Insurers have taken significant steps but more is needed to combat climate change, say industry leaders at the World Insurance Forum

Despite the industry being “underwhelming” in communicating its climate change initiatives, the sector has taken some significant steps, said Swiss Re CEO Jacques Aigrain.

Speaking during a panel discussion at the World Insurance Forum, Aigrain said the industry had acted “at a time when the bandwagon was not even on the rails yet”. The Climate Wise principles, launched last year, was one such initiative of which the industry should be proud, said Lloyd’s chairman Lord Levene.

Leaders on the panel agreed that more action was required, particularly in areas that would affect consumer behaviour.

Levene said he believed a pricing structure was needed to discourage people from living in exposed coastal areas.

Unfortunately, charging coastal dwellers more premium in the US often has political consequences, acknowledged Levene. “People say: ‘Why should it cost so much more in Florida?’ Then they subsidise it.”

“People say: 'Why should it cost so much more in Florida?' Then they subsidise it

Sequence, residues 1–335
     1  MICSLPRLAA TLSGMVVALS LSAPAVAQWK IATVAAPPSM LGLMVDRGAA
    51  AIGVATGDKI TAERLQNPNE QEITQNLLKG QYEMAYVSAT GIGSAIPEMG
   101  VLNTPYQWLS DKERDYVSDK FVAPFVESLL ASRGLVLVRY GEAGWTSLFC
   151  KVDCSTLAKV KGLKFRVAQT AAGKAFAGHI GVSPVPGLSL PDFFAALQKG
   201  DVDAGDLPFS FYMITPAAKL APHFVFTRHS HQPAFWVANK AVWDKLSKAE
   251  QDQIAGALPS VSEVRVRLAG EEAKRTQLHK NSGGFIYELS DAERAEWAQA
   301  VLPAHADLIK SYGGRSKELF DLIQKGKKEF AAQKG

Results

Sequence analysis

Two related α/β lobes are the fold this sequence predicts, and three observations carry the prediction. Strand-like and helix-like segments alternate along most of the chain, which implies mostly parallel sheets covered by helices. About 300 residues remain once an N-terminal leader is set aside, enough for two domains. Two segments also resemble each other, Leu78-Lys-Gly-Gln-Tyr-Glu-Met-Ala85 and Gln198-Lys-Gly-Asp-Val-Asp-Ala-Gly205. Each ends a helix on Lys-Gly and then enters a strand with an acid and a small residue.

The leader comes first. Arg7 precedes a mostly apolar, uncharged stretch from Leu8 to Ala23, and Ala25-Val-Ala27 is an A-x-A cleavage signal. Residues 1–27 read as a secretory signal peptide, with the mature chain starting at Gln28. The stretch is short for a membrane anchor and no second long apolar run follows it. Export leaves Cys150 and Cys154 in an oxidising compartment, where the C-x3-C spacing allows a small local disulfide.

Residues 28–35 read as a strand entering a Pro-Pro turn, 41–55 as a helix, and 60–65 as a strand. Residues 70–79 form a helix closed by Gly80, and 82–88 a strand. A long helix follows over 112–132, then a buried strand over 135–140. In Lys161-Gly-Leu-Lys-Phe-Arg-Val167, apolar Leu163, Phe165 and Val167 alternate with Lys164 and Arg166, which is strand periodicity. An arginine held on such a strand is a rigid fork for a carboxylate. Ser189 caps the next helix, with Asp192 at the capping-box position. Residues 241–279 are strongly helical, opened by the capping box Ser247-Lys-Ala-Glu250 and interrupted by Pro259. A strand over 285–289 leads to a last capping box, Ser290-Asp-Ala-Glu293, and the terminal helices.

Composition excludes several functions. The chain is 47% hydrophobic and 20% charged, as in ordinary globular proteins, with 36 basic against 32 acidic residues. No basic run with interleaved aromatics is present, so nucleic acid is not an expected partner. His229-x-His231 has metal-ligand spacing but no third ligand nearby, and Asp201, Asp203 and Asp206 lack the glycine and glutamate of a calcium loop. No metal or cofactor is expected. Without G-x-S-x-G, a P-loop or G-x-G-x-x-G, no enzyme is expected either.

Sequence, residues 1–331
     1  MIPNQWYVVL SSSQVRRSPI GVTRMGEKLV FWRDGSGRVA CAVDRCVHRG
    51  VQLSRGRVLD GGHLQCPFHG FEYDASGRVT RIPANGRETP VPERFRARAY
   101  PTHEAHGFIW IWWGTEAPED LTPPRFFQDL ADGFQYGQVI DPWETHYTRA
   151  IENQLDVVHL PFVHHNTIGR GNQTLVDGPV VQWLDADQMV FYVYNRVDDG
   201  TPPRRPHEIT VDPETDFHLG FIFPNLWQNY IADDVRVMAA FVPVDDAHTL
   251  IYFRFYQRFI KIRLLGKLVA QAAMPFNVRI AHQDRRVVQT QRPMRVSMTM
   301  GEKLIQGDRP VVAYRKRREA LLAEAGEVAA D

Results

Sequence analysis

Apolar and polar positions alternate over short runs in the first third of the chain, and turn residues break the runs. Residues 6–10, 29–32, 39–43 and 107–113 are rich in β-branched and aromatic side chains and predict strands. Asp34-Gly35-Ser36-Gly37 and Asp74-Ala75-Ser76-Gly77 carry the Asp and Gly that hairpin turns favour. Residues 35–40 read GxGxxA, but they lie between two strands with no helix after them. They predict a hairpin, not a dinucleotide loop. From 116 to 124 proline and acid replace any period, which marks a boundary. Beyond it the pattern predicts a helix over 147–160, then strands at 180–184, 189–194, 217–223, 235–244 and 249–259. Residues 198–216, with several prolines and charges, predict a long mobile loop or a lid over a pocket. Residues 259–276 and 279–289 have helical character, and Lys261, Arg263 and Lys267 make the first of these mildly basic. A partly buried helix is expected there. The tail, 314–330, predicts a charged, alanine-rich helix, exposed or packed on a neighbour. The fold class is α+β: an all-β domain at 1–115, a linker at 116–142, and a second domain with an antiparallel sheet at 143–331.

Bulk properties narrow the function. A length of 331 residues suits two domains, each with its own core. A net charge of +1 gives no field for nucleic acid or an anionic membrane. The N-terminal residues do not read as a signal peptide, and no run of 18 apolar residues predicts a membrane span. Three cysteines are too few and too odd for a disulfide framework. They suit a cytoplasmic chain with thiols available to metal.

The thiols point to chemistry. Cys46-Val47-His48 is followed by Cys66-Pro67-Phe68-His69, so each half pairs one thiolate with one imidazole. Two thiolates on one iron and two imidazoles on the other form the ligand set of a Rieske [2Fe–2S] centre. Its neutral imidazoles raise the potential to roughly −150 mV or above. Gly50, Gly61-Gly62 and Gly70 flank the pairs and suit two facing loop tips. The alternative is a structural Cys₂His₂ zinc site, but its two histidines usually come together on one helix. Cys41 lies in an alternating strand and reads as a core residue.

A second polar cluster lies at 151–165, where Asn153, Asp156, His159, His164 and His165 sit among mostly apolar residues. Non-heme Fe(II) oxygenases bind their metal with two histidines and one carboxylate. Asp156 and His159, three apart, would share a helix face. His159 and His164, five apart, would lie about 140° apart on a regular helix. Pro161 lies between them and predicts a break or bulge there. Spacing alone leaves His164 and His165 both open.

Lord Levene

Brian O’Hara reminded delegates that the risks posed by climate change were not just isolated to the US. Emerging market countries would also need to prepare for the unexpected.

“Coming to a place like Dubai, the growth in insurance values in the emerging world is staggering,” he said. O’Hara added that a super typhoon last year had come very close to the city of Shanghai in China and was potentially devastating. “These are the things that haven’t been tested yet,” he warned.

Speakers agreed that if cover was withdrawn from the worst polluters, it could engender better environmental behaviour.

But if would be difficult to enforce, said Aigrain. “Even if some parts of the industry tries to be strict, other parts of the industry will think it’s a nice place to play.”

“We are a much more fragmented industry,” said O’Hara. “Insurance doesn’t have anything like the homogeny of the banking industry.” He added that many indigenous insurers in emerging markets would “go their own way”.

“Even if some parts of the industry tries to be strict, other parts of the industry will think it's a nice place to play

Jacques Aigrain

This appeared to be backed up by a separate comment in a later discussion. Ali Al-Subaihin, CEO of The Company for Cooperative Insurance (Tawuniya), said: "Global warming is not an issue for us."

He pointed out that in Saudi Arabia summer temperatures reach 45 degrees C. One degree above or below this does not make a great deal of difference to the overwhelming heat. “If you don’t have snow caps who cares about global warming? We have bigger issues than global warming."

Using the example of consumer activism, which has become prevalent in the last decade, Lord Levene said insurers could become agents of change. Manufacturers have got rid of sweatshops because consumers demanded it, he reminded.

“It can happen,” concluded Levene, “but it will require a super human effort.”